running down the street with a friend of hers.
They spotted an unlocked kid’s bike and a scooter on a porch
and foolishly jumped on it.
As they were speeding off, a woman came out and said,
“Hey! That’s my kid’s bike!”
They dropped it, they walked away, but they were arrested.
她确实错了 确实犯傻了 但她只有十八岁
She was wrong, she was foolish, but she was also just 18.
She had a couple of juvenile misdemeanors.
Meanwhile, that man had been arrested for shoplifting in Home Depot —
85 dollars’ worth of stuff, a similar petty crime.
But he had two prior armed robbery convictions.
But the algorithm scored her as high risk, and not him.
Two years later, ProPublica found that she had not reoffended.
It was just hard to get a job for her with her record.
He, on the other hand, did reoffend
and is now serving an eight-year prison term for a later crime.
Clearly, we need to audit our black boxes
and not have them have this kind of unchecked power.
Audits are great and important, but they don’t solve all our problems.
Take Facebook’s powerful news feed algorithm —
you know, the one that ranks everything and decides what to show you
from all the friends and pages you follow.
Should you be shown another baby picture?
A sullen note from an acquaintance?
An important but difficult news item?
There’s no right answer.
Facebook optimizes for engagement on the site:
像点赞 分享 和评论
likes, shares, comments.
In August of 2014,
protests broke out in Ferguson, Missouri,
after the killing of an African-American teenager by a white police officer,
under murky circumstances.
The news of the protests was all over
my algorithmically unfiltered Twitter feed,
but nowhere on my Facebook.
Was it my Facebook friends?
I disabled Facebook’s algorithm,
which is hard because Facebook keeps wanting to make you
come under the algorithm’s control,
and saw that my friends were talking about it.
It’s just that the algorithm wasn’t showing it to me.
I researched this and found this was a widespread problem.
The story of Ferguson wasn’t algorithm-friendly.
It’s not “likable.”
Who’s going to click on “like?”
It’s not even easy to comment on.
Without likes and comments,
the algorithm was likely showing it to even fewer people,
so we didn’t get to see this.
Instead, that week,
Facebook’s algorithm highlighted this,
which is the ALS Ice Bucket Challenge.
理由很充分 要么倒冰水 要么捐款做慈善 不错
Worthy cause; dump ice water, donate to charity, fine.
But it was super algorithm-friendly.
The machine made this decision for us.
A very important but difficult conversation
might have been smothered,
had Facebook been the only channel.
Now, finally, these systems can also be wrong
in ways that don’t resemble human systems.
Do you guys remember Watson, IBM’s machine-intelligence system
that wiped the floor with human contestants on Jeopardy?
It was a great player.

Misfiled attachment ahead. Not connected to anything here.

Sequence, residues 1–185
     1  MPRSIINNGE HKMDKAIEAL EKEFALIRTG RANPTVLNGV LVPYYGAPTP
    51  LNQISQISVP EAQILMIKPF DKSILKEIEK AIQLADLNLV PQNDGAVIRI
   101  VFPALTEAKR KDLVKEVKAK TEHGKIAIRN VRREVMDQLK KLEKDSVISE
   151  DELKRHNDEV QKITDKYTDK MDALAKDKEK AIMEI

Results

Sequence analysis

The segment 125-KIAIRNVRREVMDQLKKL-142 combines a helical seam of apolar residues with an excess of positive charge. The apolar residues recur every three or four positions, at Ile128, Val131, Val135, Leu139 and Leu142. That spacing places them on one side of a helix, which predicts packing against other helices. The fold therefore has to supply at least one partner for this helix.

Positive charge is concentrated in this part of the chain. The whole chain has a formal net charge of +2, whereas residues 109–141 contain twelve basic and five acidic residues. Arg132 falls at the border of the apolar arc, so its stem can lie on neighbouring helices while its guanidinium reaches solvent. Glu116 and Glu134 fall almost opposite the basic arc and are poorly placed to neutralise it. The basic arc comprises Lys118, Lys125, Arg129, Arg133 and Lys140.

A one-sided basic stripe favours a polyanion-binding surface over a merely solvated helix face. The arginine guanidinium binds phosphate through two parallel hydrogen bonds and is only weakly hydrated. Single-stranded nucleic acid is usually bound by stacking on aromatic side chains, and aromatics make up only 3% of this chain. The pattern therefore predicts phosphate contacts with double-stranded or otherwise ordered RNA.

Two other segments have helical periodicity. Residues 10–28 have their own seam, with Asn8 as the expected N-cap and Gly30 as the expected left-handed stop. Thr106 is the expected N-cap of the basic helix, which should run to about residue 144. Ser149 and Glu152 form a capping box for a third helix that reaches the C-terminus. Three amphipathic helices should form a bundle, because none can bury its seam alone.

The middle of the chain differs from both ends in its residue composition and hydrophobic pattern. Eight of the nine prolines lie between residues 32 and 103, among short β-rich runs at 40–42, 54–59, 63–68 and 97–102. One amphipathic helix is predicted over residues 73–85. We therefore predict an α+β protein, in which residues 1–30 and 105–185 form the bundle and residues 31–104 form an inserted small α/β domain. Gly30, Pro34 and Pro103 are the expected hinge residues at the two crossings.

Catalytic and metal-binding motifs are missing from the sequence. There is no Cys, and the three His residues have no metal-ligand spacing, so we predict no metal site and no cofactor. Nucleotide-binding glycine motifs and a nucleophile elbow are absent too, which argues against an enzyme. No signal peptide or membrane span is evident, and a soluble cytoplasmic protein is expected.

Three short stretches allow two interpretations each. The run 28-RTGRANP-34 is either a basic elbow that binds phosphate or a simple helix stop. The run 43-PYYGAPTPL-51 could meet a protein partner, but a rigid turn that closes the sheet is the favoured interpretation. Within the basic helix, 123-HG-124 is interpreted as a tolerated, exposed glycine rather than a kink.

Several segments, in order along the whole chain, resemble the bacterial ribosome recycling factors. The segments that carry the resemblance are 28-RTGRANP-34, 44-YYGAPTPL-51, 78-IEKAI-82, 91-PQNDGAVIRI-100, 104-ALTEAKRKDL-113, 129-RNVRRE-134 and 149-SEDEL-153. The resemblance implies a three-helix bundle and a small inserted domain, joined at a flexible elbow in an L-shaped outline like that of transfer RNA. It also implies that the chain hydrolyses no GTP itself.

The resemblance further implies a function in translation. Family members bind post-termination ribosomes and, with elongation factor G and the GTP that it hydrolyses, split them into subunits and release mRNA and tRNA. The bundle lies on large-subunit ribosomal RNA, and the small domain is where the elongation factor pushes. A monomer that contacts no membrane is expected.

But then, for Final Jeopardy, Watson was asked this question:
“Its largest airport is named for a World War II hero,
its second-largest for a World War II battle.”
The two humans got it right.
Watson, on the other hand, answered “Toronto” —
for a US city category!
The impressive system also made an error
that a human would never make, a second-grader wouldn’t make.
Our machine intelligence can fail
in ways that don’t fit error patterns of humans,
in ways we won’t expect and be prepared for.
It’d be lousy not to get a job one is qualified for,
but it would triple suck if it was because of stack overflow
in some subroutine.
In May of 2010,
a flash crash on Wall Street fueled by a feedback loop
in Wall Street’s “sell” algorithm
wiped a trillion dollars of value in 36 minutes.
我都不用去想 就能知道 如果换成
I don’t even want to think what “error” means
in the context of lethal autonomous weapons.
So yes, humans have always made biases.
Decision makers and gatekeepers,
不论是在法院 新闻业 还是在战场…
in courts, in news, in war …
they make mistakes; but that’s exactly my point.
We cannot escape these difficult questions.
We cannot outsource our responsibilities to machines.
Artificial intelligence does not give us a “Get out of ethics free” card.
Data scientist Fred Benenson calls this math-washing.
We need the opposite.
We need to cultivate algorithm suspicion, scrutiny and investigation.
We need to make sure we have algorithmic accountability,
auditing and meaningful transparency.
We need to accept that bringing math and computation
to messy, value-laden human affairs
does not bring objectivity;
rather, the complexity of human affairs invades the algorithms.
Yes, we can and we should use computation
to help us make better decisions.
But we have to own up to our moral responsibility to judgment,
and use algorithms within that framework,
not as a means to abdicate and outsource our responsibilities
to one another as human to human.
Machine intelligence is here.
That means we must hold on ever tighter
to human values and human ethics.